NFL Nation: Peyton Manning

Denver Broncos quarterback Peyton Manning has gathered most of the team's wide receivers and tight end Julius Thomas at Duke University this week for the well-planned headstart on the offseason work.

Thomas
Thomas
Newly-minted Broncos receiver Emmanuel Sanders tweeted a picture of the group Tuesday, a photo that also included Wes Welker, Andre Caldwell and Julius Thomas. And that set off the requisite amount of social media panic in the local zip codes on the Front Range because the Broncos' No. 1 wide receiver, Demaryius Thomas, was not in the photo. Or even at Duke for that matter.

Cancel the panic. There is no rift or bubbing controversy. Thomas is still recovering from a left shoulder injury he suffered in Super Bowl XLVIII.

Thomas suffered what some with the team have described as a separated left shoulder in the Broncos' 43-8 loss to the Seattle Seahawks when he was hit by Seahawks safety Kam Chancellor in the first quarter of the 35-point loss. He played through the injury and did finish out the game with a Super Bowl record 13 catches.

Thomas could still be limited in some of the OTA work in the weeks to come, but the Broncos don't expect issues when training camp opens. Thomas had shoulder problems during the regular season as well, even leaving the Dec. 1 win over Kansas City after the first series but he did return to the lineup just before halftime.

Thomas left a 2012 game against the Raiders with a shoulder injury as well but returned in that December win.
John FoxJustin Edmonds/Getty ImagesJohn Fox, 59, is 34-14 with three AFC West titles in his three seasons with the Broncos.
At the start of free agency, John Elway was asked about the chances of the Denver Broncos making the effort to bring back some of their players who were set to test the market.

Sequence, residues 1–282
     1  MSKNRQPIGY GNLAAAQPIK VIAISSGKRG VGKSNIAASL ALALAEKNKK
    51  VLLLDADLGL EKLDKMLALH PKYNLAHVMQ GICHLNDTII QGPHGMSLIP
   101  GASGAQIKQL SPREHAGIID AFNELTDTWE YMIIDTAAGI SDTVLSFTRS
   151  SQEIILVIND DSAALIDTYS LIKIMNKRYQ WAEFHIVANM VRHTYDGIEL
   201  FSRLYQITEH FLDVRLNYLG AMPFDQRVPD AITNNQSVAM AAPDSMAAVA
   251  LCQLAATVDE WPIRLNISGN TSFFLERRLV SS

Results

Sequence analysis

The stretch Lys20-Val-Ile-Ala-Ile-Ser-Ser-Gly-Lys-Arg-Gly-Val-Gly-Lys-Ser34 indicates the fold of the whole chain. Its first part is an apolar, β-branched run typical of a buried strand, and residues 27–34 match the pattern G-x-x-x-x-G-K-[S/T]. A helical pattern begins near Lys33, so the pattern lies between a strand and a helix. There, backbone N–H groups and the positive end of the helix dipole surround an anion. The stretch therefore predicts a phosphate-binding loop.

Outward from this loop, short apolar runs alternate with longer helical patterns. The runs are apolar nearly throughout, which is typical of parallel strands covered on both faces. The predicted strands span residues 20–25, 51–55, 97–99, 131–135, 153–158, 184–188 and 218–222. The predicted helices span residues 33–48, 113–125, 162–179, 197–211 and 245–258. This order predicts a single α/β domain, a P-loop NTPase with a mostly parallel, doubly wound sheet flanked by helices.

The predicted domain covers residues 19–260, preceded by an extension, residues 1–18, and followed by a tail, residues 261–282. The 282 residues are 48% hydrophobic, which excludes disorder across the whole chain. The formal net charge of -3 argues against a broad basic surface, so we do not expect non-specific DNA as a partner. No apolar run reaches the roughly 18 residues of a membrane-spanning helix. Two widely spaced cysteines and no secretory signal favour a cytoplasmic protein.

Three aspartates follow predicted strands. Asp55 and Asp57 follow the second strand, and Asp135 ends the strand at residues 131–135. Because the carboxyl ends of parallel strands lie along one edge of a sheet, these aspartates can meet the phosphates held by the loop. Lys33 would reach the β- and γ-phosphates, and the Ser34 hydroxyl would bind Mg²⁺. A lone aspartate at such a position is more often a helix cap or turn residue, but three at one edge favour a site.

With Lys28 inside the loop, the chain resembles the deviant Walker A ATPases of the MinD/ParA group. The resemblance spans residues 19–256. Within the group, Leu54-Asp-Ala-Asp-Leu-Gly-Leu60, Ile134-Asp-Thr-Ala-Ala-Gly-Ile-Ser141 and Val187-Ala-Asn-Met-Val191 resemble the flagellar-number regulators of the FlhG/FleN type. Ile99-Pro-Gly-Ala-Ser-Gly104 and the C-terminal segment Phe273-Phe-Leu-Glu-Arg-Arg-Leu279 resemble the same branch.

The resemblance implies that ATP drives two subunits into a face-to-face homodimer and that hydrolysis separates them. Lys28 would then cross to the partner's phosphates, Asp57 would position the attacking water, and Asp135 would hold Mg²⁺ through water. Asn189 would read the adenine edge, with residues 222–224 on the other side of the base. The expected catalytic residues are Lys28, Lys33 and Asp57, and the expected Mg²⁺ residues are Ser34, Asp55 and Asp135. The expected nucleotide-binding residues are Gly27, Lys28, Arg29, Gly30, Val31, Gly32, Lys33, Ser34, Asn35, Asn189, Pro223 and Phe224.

The Broncos executive vice president of football operations/general manager said:

“The market sets the prices."

When it comes to NFL head coaches, the market has been set in recent weeks. On Friday, Pete Carroll, 62, signed a three-year extension with the Seattle Seahawks that runs through the 2016 season.

Carroll’s deal had been set to expire following the 2014 season.

Like Carroll, Denver coach John Fox’s contract was set to expire following the 2014 season. And like Carroll and the Seahawks, the Broncos and Fox came together on a three-year extension Friday. Despite some who said the fact things had not been wrapped with Fox meant there was potential trouble on the horizon, both Fox and Elway had consistently expressed optimism a deal would get done.

There were talks at the scouting combine in February, and Elway said at the league meetings in Orlando, Fla., last week that Fox’s deal was “the next thing on the agenda."

The only way a deal wouldn't have gotten done is if one side had simply pushed too hard to win. If the Broncos tried to dig in a little too hard on the money, Fox could have ended up coaching the coming season without an extension. And if Fox’s agent, Bob LaMonte, had pushed too much, also on the money or for too many years, the Broncos might have folded their arms to simply wait and see.

Fox signed a four-year deal worth about $3 million per year in 2011, and he would have received a $1 million bonus had the Broncos won Super Bowl XLVIII in February, but Denver was bullied 43-8 by Carroll's team. And this is where Carroll’s deal comes in. Essentially, welcome to the market being set.

After all, the Seahawks won the Super Bowl and looked like a far better prepared team on the way to a 35-point win. Carroll is 38-26 as the Seahawks’ coach and 5-2 in the playoffs.

That is where the fence stands. Win the big trophy as a 60-something head coach, get a three-year extension.

Fox just turned 59 in February, he’s 34-14 with three AFC West titles in his three seasons with the Broncos, and he helped recalibrate the franchise to dig out of the crater that was the 4-12 finish in 2010.

However, the Broncos have also let quality championship opportunities slip through their fingers with a double-overtime loss to the Baltimore Ravens to end their 2012 season, to go with February’s title-game rout. Those two games alone, at least from the Broncos’ perspective, could have pushed Fox out of consideration for a three-year extension, and there were rumblings to that effect in and around the team early in the talks. But this is where the Broncos stepped up to get things done.